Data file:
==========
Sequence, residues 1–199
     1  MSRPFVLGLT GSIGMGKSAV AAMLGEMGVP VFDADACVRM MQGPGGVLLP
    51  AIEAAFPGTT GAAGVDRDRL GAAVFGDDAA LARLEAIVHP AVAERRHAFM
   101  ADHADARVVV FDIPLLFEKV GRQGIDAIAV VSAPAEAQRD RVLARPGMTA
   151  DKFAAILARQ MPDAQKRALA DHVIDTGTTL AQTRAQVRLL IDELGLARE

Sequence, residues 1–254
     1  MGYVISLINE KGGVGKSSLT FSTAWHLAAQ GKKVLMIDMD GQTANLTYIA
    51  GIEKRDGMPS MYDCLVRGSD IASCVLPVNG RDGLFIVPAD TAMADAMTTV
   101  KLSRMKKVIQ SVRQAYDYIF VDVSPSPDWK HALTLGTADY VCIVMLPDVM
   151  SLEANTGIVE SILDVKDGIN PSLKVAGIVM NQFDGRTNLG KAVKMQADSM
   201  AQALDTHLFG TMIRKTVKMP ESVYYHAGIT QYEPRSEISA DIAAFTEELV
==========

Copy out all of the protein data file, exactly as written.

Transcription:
Sequence, residues 1–199
     1  MSRPFVLGLT GSIGMGKSAV AAMLGEMGVP VFDADACVRM MQGPGGVLLP
    51  AIEAAFPGTT GAAGVDRDRL GAAVFGDDAA LARLEAIVHP AVAERRHAFM
   101  ADHADARVVV FDIPLLFEKV GRQGIDAIAV VSAPAEAQRD RVLARPGMTA
   151  DKFAAILARQ MPDAQKRALA DHVIDTGTTL AQTRAQVRLL IDELGLARE

Sequence, residues 1–254
     1  MGYVISLINE KGGVGKSSLT FSTAWHLAAQ GKKVLMIDMD GQTANLTYIA
    51  GIEKRDGMPS MYDCLVRGSD IASCVLPVNG RDGLFIVPAD TAMADAMTTV
   101  KLSRMKKVIQ SVRQAYDYIF VDVSPSPDWK HALTLGTADY VCIVMLPDVM
   151  SLEANTGIVE SILDVKDGIN PSLKVAGIVM NQFDGRTNLG KAVKMQADSM
   201  AQALDTHLFG TMIRKTVKMP ESVYYHAGIT QYEPRSEISA DIAAFTEELV